Import and Clean Bank Activity

If you have ever downloaded bank activity from your bank’s website, you know there is some amount of cleaning you need to do before the data is ready to use. Perhaps the next step is to summarize the bank activity with a PivotTable, or, perhaps to perform a bank rec. Regardless of your ultimate objective, you’ll need to spend time importing it into Excel and then cleaning it up. This post demonstrates how to use a Get & Transform query to import downloaded bank activity into Excel and prepare it for use.


Before we get too far, let’s take a look at our objective. We have logged into our bank account and exported the activity for a date range. The bank’s website exports it to a CSV file, a sample of which is shown below.

Before we can use it in our next step, whatever that may be, we’ll need to tidy it up a bit. For example, we need to remove columns C & D, we need to distinguish between deposits and charges, and we need to classify the type of charge based on text in the description. Then, just because we accountants enjoy this type of thing, we’ll summarize it in a PivotTable to confirm it matches our bank statement. I’ve created a short video as well as a written narrative below to demonstrate how to accomplish all of this.



We’ll walk through this using the following steps:

  • Import CSV
  • Clean
  • Load to PivotTable

Let’s just jump right in.

Note: The steps below are presented with Excel for Windows 2016. If you are using a different version of Excel, please note that the features presented may not be available or you may need to download and install the Power Query Add-in.

Import CSV

First, you download the bank activity from the bank website as a CSV file. Then, in a new blank Excel workbook, you click the Data > From Text/CSV command in the Get & Transform ribbon group. In the resulting Import Data dialog, browse to the CSV file. Excel provides a preview of the data, as shown below.

Click the Edit button to open the Query Editor, where we’ll Clean the data.


The CSV data is loaded into the Query Editor, as shown below.

Inside the Query Editor, we can apply a series of steps to clean the data.

1) Let’s remove unnecessary columns, in our case, the 3rd and 4th columns. To do this, we click the column to delete and use the Home > Remove Columns command.

Note: we can also group-select multiple columns by holding the Shift or Ctrl key while selecting the columns.

2) Let’s define our column labels. To do this, we double-click the existing Column label, enter the new label, and hit Enter. In our case, our new column labels are Date, Amount, and Description.

3) Now, we can create any new columns we may need. In our case, we want a new column that describes the type of transaction. This will be useful when we return the data to Excel and summarize it with a PivotTable.

There are many options in the Add Column ribbon tab worth exploring, but the one we are after now is the Add Column > Conditional Column command. This opens the Add Conditional Column dialog, where we can define the rules.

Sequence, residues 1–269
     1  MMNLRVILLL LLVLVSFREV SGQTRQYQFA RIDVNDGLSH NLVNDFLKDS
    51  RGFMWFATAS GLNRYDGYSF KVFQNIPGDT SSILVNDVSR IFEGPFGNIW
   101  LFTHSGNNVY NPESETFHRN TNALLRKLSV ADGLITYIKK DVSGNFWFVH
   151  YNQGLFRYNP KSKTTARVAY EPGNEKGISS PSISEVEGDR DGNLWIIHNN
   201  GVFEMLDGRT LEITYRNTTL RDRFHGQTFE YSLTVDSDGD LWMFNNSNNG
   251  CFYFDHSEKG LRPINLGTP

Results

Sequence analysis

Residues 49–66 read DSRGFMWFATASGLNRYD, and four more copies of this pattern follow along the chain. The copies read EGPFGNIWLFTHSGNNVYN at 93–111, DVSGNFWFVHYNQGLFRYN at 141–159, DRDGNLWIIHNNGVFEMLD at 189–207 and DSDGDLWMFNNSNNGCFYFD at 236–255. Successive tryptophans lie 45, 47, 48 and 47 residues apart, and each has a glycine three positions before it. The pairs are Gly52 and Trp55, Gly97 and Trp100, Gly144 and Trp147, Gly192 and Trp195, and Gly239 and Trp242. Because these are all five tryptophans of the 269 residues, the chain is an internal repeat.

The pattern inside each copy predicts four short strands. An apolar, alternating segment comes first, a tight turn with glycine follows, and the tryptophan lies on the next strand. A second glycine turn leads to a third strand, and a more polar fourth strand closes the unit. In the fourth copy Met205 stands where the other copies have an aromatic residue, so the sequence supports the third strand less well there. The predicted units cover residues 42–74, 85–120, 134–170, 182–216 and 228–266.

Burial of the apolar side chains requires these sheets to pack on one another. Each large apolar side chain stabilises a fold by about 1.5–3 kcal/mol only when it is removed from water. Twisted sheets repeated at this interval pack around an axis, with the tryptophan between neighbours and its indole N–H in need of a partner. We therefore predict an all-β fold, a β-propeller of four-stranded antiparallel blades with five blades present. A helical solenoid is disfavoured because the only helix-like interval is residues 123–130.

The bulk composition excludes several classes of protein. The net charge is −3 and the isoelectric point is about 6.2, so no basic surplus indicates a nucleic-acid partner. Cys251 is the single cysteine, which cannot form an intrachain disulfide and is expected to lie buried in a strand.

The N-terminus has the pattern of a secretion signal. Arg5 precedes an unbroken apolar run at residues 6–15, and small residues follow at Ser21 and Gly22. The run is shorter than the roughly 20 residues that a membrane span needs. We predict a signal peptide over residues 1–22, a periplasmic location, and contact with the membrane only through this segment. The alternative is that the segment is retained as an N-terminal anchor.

The first rule will label positive amounts as deposits. So, in the dialog, we create the first rule: If the Amount column is greater than the value 0 then we want the Output to be Deposit. Then we click the Add rule button and move to our next rule.

The second rule will identify the transactions that have a description that contains the text BILL PAY as a Check. So, we create the next rule: If the Description column contains the value BILL PAY then the Output is Check. We click the Add rule button to create our next rule.

The third rule will identify the transactions that have a description that contains the text PURCHASE AUTHORIZED as a debit card purchase. So, the next rule is: If the Description column contains the value PURCHASE AUTHORIZED then the Output is Debit Card.

If none of these conditions are true, then, we set the Otherwise value to Charge.

Note: these rules are case sensitive, so, if the description contains BILL PAY then the dialog needs to be BILL PAY and not Bill Pay or bill pay.

The final rules look like this:

Click OK and bam … the new column appears in the Query editor as shown below.

Now, we are ready to return the data to Excel.

Load to PivotTable

To return the query results to Excel, we can click the Home > Close & Load To command.

To see the results in an Excel table, we select the Table option. Now, we can summarize the data with a PivotTable by clicking any cell in the results table and clicking Insert > PivotTable.

We then structure the PivotTable report as desired by placing fields into the desired layout area. For example, we can insert the Amount field into the Values area, and the new custom column into the Rows area, and the resulting PivotTable is shown below.

And the best part is that next month, we can simply download a new CSV file from the bank website, delete the old CSV, and save the new one in the same folder with the same file name. Then, use the Data > Refresh All command and bam … it is done! The PT now includes all data from the new CSV file.

If you have any other fun Get & Transform tricks, please share by posting a comment below!

Sample CSV file: SampleFile


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Jeff Lenning

I love sharing the things I've learned about Excel, and I built Excel University to help me do that. My motto is: Learn Excel. Work Faster.

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  1. Joan Hauff on March 21, 2018 at 4:46 pm


  2. Isaac Mashiah on December 13, 2020 at 9:48 am

    HI Jeff. What is the reason one’s name is never found on the bank activity excel download? Is there a privacy law that prevents the bank and credit card institutions from putting name?

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